Conflicts of interest (COIs) put professionals on a slippery slope that tarnishes the integrity and reputations of institutions and individuals, which can lead to tremendous distrust. For this reason, management accountants must pay close attention to identifying, reporting, and resolving or mitigating possible conflicts of interest. The resulting investigation and implications can be complex and must be detail-driven and rooted in fact. Transparency is essential, as conflicts of interest are weeds in the garden that can prevent flowers from achieving full bloom—and may cause them to wilt.


A COI occurs when there’s a personal concern, aim, or benefit that interferes with your professional duty or ethical decision making because it isn’t aligned with the best interests of coworkers, customers, other stakeholders, your employer, or organizations for which you volunteer. A COI can cause other parties to question your intentions and integrity. 


COIs can be either actual or perceived. An actual COI involves a direct conflict between an employee’s current duties and responsibilities and their private interests. Perceived COIs include situations where it could appear to a reasonable person that an employee’s personal interests improperly or unduly influence the performance of their duties and responsibilities for their organization.




The IMA Statement of Ethical Professional Practice states that IMA® members must:


1. Mitigate actual COIs. Communicate with business associates to avoid apparent COIs. Advise all parties of any potential COIs.

2. Refrain from engaging in any conduct that would prejudice carrying out duties ethically.

3. Abstain from engaging in or supporting any activity that might discredit the profession.

4. Contribute to a positive ethical culture and place integrity above personal interests.

COIs arise when situations benefit the employee to the potential detriment of the company. Let’s examine three common COIs.


1. Gifts. When giving or receiving gifts, the focus shouldn’t be only on their value but also on their appearance. Conversely, the focus shouldn’t be on the intention behind giving or receiving the gift. If a gift has even the appearance of garnering undue influence, it creates a COI. Take care to objectively evaluate the facts surrounding the gift (i.e., whom it’s from or given to, the value, the relationship of the giver and the receiver, etc.) and how the gift could be interpreted by others. Consider the monetary value of the gift, with the most common maximum threshold $75. The giver and receiver should ask,  “Is this nominal in value?” If there’s a question about whether a gift is appropriate, seek out the opinion of a manager or compliance resource.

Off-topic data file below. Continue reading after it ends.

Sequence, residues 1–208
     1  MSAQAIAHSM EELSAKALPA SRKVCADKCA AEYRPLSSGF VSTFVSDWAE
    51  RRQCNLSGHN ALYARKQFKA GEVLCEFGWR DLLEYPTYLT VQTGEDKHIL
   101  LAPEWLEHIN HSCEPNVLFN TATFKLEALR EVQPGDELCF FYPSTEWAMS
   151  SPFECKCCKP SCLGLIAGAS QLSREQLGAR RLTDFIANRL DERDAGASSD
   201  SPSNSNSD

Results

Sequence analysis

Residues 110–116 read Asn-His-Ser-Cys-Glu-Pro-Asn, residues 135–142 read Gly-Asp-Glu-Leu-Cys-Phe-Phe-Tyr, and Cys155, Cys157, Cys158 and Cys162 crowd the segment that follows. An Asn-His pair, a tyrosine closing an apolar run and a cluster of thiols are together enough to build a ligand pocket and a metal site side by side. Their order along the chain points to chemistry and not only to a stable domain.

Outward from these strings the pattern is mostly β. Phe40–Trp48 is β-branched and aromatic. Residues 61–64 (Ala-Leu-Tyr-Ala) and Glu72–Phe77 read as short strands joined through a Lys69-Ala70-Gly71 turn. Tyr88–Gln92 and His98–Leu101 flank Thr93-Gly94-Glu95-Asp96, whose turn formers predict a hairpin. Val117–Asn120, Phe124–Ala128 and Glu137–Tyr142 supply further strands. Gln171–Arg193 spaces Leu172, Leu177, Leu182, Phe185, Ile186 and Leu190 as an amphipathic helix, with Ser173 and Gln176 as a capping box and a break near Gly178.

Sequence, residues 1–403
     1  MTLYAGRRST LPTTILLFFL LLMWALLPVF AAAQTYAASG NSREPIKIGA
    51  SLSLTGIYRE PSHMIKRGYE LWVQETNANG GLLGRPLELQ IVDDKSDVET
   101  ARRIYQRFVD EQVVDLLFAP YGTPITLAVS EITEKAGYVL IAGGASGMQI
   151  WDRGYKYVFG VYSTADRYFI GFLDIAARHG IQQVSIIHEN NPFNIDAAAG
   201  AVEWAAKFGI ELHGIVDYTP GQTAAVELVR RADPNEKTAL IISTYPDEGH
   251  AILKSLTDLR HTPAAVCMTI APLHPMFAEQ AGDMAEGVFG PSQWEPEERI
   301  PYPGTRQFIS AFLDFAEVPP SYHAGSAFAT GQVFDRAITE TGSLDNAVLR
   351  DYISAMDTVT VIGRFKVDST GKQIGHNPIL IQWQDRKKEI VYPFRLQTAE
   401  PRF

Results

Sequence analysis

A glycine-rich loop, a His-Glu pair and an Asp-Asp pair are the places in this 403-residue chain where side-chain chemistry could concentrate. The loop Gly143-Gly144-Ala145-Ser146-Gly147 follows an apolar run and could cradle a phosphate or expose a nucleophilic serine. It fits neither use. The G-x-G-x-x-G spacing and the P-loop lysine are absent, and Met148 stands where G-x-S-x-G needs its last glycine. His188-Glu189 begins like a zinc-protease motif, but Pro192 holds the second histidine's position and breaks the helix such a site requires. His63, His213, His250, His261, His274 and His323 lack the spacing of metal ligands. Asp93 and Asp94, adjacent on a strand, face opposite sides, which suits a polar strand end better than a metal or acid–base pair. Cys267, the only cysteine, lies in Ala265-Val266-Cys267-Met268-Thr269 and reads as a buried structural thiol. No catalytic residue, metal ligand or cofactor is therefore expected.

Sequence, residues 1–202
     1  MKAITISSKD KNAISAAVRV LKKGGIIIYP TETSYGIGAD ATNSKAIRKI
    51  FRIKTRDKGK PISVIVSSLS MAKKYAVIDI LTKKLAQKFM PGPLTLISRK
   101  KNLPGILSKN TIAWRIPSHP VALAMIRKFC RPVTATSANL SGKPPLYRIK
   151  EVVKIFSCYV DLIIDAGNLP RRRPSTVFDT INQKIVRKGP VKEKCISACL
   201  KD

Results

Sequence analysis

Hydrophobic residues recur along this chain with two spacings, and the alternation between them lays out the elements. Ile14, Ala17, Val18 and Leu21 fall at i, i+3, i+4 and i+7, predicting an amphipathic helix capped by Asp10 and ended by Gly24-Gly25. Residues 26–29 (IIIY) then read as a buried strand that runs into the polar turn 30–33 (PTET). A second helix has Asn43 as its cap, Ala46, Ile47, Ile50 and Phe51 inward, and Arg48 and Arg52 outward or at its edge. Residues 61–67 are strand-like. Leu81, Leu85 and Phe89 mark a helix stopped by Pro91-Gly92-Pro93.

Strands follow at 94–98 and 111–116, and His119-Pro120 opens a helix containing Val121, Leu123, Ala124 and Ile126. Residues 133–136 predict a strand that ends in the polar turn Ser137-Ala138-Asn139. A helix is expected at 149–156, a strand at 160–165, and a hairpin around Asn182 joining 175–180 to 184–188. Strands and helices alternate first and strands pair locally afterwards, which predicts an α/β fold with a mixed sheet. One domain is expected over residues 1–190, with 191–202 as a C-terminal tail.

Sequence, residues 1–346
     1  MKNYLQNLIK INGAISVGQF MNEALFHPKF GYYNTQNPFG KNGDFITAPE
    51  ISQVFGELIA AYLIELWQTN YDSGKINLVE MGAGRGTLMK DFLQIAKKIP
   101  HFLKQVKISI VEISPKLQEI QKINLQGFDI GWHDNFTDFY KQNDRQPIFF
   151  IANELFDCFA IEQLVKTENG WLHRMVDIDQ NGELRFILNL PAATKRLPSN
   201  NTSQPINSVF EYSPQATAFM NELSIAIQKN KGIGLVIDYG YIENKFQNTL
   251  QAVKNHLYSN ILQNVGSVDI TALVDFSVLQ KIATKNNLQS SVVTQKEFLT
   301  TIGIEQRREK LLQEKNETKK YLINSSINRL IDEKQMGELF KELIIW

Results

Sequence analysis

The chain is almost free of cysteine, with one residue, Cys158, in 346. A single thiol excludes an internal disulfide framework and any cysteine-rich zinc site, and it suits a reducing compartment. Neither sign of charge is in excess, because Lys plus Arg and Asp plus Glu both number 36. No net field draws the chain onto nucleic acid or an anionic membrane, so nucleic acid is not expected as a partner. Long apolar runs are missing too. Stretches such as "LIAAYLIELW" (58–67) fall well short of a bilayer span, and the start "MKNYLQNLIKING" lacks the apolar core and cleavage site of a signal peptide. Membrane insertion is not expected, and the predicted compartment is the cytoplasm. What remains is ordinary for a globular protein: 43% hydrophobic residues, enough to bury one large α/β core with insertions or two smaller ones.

2. Serving on an outside board. Being on an outside board requires employees of public companies to evaluate potential COIs between themselves, their employer, and the organization whose board they’d be serving on, then present their findings to their company for approval before accepting the board seat. It also requires an annual review process as a safeguard to ensure that the board position is still without conflict with the company’s goals and requirements. If the employee becomes aware of a new COI before the next annual review, then they should immediately advise their manager. If an employee’s board seat no longer meets the company’s standard of review, then they must resign.


3. Moonlighting. These COIs involve working another job to pursue a passion or supplement income. Moonlighting employees should be careful that the new job isn’t competing or at odds with their existing job.




Many professionals volunteer their time to support charities, professional associations, and not-for-profit organizations such as IMA. Being mindful of the situations that might arise for volunteers can help individuals and organizations avoid COIs.


1. Volunteers are like employees. Sometimes volunteers have jobs that could lead to a COI. Vendors or owners of companies that seek to do business with the employee’s organization must be aware of potential COIs.


2. Family matters. Familial relationships have the potential to cause COIs within a volunteer organization. There could be a COI if an association board member’s son owns a web development company and is contracted to work on the volunteer organization’s website. It’s key in these situations to evaluate who receives the benefit from the association and why. If it’s an actual benefit that was given without proper due diligence and has monetary or other beneficial properties, then it could be perceived as a COI. Any such blending of family and business ties necessitates disclosure, proper due diligence, and a mitigation plan to ensure that there isn’t a problematic COI. 


3. Working for course providers. If an IMA volunteer were to work for a certification or course provider, their employer’s business could conflict with IMA’s line of business of promoting the CMA® (Certified Management Accountant) certification. In that case, the volunteer working for such an entity would be obligated to disclose and mitigate this COI.




A COI can call into question employees’ or volunteers’ intentions and ability to remain unbiased in their thoughts, ideas, and decisions. A COI policy could include restrictions that ban nepotism, creating a process to manage potential and perceived COIs, specifying situations that require a recusal agreement, and training members on the methods needed to follow and disclose COIs. Failure to have a COI mitigation plan can lead the organization down a path toward distrust and tarnished reputation.


The information and opinions expressed in this article are solely the authors’ and don’t represent their employers.

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